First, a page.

Friday, January 21, 2022

Grad union would improve benefits

I am writing in response to two letters that appeared in The State News last week concerning the Graduate Employees Union (“Unionizing would hurt grad students,” SN 4/2 and “Questions raised by grad union,” SN 4/6).

I am one of the 1,200 graduate students who already have joined GEU, and I am confident a union will improve the lives of graduate students at MSU.

Before coming to MSU, I was a member of the graduate employees’ union at the University of Wisconsin-Milwaukee. The union at Milwaukee was formed in 1992, and as a direct result of the efforts of the union, graduate employees at UWM receive a number of benefits that students at MSU do not receive.

For example, graduate assistants at Milwaukee receive the same health insurance coverage that all Wisconsin state employees receive, including faculty and staff at UWM. This includes benefits for spouses and dependent children. In addition, UWM students have received yearly pay increases commensurate with inflation, and the university issues all graduate assistants a full tuition remission. The union was able to negotiate these things without causing a reduction in the number of graduate assistants at the university.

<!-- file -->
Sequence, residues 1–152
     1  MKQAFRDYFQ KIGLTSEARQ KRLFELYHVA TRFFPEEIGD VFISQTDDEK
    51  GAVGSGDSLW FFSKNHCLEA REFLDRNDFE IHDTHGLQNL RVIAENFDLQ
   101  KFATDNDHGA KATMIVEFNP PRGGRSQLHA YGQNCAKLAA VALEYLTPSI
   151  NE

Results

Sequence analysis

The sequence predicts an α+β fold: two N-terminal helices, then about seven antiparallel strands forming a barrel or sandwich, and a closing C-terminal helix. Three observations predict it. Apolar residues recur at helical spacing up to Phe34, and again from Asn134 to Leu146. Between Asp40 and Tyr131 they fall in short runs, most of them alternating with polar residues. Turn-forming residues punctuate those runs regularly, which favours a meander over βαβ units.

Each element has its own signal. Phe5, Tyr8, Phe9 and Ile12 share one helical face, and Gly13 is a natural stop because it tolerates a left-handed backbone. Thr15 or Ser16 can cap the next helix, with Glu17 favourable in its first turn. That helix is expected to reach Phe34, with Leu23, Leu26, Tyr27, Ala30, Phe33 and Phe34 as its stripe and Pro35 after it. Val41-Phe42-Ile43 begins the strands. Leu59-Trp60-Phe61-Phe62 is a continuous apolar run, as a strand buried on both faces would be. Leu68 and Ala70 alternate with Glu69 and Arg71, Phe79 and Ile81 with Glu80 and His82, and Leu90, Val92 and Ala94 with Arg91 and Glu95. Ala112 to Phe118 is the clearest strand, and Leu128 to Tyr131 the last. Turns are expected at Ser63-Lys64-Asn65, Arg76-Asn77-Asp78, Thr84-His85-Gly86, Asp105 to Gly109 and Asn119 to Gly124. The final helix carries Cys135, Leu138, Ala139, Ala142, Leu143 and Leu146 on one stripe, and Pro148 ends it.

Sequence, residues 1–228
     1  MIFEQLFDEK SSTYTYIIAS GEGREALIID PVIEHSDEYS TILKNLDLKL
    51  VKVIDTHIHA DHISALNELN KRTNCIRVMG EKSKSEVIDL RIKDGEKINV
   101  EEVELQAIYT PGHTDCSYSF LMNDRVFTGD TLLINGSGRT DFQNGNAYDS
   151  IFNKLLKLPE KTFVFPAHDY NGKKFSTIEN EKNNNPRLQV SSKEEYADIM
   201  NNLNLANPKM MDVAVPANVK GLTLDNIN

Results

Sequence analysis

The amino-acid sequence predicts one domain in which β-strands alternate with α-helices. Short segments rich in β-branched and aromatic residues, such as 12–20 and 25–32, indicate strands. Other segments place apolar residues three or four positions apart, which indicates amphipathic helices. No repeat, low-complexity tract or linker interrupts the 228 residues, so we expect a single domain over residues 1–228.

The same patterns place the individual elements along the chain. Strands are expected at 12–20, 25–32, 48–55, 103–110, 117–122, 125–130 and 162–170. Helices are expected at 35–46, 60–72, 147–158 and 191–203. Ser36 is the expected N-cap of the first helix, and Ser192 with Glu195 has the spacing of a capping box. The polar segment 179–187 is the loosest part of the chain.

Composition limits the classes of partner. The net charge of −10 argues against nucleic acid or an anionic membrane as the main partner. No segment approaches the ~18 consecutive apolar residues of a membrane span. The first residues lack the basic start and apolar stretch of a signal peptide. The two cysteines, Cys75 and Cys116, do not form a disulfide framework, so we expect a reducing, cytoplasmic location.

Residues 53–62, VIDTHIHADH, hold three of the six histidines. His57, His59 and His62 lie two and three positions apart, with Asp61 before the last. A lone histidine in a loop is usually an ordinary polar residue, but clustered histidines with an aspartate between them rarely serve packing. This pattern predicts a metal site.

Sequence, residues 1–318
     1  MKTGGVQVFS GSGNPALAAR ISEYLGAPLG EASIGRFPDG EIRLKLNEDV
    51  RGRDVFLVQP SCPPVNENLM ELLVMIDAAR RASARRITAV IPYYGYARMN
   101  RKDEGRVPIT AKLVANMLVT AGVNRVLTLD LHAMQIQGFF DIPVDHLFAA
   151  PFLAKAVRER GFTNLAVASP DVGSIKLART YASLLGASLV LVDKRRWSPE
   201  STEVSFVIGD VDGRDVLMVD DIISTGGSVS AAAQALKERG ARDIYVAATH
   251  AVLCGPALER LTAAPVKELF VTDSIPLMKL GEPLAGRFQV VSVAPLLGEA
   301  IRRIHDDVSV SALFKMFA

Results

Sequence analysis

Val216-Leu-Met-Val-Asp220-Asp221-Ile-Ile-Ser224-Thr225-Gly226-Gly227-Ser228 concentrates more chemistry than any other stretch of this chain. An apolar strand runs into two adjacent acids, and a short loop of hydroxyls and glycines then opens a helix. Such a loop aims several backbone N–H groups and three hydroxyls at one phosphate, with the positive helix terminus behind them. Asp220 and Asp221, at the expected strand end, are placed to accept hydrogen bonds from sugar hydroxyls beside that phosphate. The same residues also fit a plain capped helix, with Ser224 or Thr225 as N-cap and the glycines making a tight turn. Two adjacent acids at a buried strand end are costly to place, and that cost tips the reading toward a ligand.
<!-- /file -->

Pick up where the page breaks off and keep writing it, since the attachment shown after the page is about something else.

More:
If schools like UWM, Wayne State University and the University of Michigan can pay their graduate assistants a living wage and provide them with health insurance equal to faculty insurance, so can MSU. Are we worth less? Is our health not as important as students at Wayne State?

With GEU, we will have a seat at the bargaining table with the university. Right now we can only make suggestions to the administration about health care, salary, tuition, etc., but the administration is free to completely ignore our proposals.

GEU consists of graduate students from all across the university. We are capable of looking out for our own best interests, and by doing so we will be better served than allowing the administration to do that entirely for us.

Judging by the decisions I’ve seen the administrations make during the past several years, I would rather participate in the decision-making process than sit by and watch as our salary and benefits continue to erode in comparison to other Big Ten universities.

Peter Cunningham
anthropology graduate student


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